It’s a good thing Wendy Osefo of Bravo’s “The Real Housewives of Potomac” let her husband do most of the talking with their children on policing in America. If she had been the one to do it, she likely would have filled their heads with nonsense about cops everywhere shooting unarmed black people for sport.
Osefo told her husband Eddie on the latest episode that the two should talk with their young boys “about police and relationships with police.” The scene was apparently shot around the time the Derek Chauvin trial was taking place, which Osefo, who is black, said “just made me wanting to shelter” her kids.
“I think it’s unfair that black parents have to break their children’s innocence to prepare them for the world that they live in,” she said.
Fortunately, Eddie took the lead on that conversation and told their boys more or less that some cops are bad, but his wife apparently needs her own special lecture about police and race. She has bought into the media myth that black people, men in particular, are at constant risk of being gunned down by racist cops.
It’s a lie, even though dishonest news outlets say things like “negative experiences with the police” are “an unfortunate rite of passage for many Black Americans.” That claim appeared in Politico back in June, but let’s do something Politico didn’t do — let’s look at data.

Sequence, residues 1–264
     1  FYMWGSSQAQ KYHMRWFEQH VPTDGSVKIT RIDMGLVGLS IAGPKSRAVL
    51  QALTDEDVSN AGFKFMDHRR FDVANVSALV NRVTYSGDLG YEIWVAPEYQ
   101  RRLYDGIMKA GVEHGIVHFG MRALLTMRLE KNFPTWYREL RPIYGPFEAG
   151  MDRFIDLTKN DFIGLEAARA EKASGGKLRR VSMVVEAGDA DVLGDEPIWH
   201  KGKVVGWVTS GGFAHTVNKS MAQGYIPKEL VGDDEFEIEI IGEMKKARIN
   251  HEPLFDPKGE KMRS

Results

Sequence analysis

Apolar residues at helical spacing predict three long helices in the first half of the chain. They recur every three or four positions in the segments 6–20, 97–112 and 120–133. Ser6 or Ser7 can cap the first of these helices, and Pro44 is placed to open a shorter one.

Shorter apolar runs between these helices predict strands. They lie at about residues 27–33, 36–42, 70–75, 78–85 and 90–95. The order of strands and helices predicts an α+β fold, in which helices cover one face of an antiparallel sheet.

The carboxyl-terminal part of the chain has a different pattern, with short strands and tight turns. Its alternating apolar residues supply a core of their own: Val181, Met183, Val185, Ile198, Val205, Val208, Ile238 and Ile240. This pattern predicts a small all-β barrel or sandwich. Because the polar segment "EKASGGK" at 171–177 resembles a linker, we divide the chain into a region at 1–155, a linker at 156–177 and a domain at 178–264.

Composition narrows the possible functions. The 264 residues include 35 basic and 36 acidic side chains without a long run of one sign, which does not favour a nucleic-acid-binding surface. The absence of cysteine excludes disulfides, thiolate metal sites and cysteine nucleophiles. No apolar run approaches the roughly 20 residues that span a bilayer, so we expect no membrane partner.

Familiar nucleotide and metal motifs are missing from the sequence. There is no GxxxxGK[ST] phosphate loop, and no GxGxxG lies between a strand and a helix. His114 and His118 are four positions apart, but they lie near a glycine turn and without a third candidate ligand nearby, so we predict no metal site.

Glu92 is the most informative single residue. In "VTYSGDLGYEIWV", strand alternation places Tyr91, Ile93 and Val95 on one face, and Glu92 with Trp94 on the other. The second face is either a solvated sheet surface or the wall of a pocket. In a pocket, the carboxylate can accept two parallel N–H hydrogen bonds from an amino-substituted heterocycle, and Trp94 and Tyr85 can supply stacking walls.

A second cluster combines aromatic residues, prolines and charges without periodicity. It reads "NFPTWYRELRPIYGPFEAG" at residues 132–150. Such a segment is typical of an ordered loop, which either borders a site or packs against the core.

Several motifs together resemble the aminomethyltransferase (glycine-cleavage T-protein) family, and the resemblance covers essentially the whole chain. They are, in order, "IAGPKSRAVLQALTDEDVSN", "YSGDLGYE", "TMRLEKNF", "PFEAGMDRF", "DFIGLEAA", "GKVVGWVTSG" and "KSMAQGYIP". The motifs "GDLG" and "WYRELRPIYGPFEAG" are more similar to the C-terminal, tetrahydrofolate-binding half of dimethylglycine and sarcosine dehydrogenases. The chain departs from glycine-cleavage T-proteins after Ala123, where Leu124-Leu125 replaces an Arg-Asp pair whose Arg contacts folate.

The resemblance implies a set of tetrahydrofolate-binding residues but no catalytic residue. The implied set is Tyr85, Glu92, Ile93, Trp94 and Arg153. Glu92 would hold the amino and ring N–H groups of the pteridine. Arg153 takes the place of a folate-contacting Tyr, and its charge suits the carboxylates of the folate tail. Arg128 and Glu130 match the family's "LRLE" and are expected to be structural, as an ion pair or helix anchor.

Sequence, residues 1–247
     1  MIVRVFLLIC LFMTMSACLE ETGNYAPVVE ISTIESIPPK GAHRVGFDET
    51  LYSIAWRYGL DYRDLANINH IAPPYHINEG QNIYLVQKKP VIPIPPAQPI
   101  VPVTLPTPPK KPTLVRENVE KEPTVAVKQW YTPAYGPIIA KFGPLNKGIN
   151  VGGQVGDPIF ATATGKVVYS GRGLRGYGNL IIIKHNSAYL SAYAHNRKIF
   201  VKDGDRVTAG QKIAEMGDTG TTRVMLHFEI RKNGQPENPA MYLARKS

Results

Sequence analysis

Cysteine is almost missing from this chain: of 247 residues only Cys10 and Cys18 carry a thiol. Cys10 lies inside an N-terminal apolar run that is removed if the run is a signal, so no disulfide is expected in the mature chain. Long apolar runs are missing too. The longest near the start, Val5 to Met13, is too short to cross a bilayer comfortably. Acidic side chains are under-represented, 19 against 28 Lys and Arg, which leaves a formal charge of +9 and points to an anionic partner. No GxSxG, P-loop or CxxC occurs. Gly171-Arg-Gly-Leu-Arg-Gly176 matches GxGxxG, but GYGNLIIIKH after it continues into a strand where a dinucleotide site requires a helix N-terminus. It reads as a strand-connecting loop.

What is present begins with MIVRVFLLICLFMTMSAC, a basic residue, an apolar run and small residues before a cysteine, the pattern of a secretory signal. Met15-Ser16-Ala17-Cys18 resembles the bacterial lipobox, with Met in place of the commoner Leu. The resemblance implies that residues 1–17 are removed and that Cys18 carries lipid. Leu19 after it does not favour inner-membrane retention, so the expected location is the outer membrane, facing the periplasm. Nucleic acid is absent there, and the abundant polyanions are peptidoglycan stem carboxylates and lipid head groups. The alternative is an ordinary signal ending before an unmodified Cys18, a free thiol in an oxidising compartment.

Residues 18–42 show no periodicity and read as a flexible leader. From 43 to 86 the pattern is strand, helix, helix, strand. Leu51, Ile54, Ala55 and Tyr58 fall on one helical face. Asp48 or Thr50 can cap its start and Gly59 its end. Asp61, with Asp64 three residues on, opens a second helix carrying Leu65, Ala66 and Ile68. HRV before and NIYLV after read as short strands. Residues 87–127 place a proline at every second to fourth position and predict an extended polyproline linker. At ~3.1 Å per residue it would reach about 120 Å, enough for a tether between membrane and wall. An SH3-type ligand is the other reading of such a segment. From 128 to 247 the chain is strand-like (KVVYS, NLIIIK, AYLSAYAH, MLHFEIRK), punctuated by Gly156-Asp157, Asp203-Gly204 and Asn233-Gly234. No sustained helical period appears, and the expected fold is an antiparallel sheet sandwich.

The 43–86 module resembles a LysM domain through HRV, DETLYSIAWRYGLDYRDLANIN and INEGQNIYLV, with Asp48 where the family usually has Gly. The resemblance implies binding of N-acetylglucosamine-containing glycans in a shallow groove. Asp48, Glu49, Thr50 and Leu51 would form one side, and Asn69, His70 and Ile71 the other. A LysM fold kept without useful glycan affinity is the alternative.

The Police-Public Contact Survey conducted every so often by the Justice Department asks respondents about their interactions with law enforcement. The latest survey is from 2018. That year, just 6.5 million black people said they had any type of contact with police. Among those, just 251,000 of them said they experienced a threat or use of force by law enforcement. This doesn’t take into account whether the threat or use of force was justified, but only that a respondent says it happened.
The total black population in the United States sits at 42,640,000, according to the Census. That would mean that barely above half of a percent of the entire black population claims to have experienced a threat or use of force when interacting with police.
When something is experienced by half of a percent of all black people, we probably shouldn’t be describing it as a “rite of passage for many black Americans.”
Now let’s look at the worst-case scenario: A black person is shot dead by a cop. The Washington Post tries to keep track of that each year. For the last full year, 2020, the Post says a total of 18 black people died in police shootings. Again, this doesn’t account for whether each shooting was justified, only that it happened.
Put another way, 0.00004 percent of the black population in 2020 was killed by cops with guns. For each year that the Post has been keeping track, the number of black people shot dead by cops never got higher than 38 and that was back in 2015.
That’s the devastating reality that Wendy Osefo has been wanting to “shelter” her kids from? That’s the “unfair” truth for black parents that “break their children’s innocence”?
Black kids, like all kids, need to learn about police and what it is they do. But don’t let them learn it from Wendy Osefo.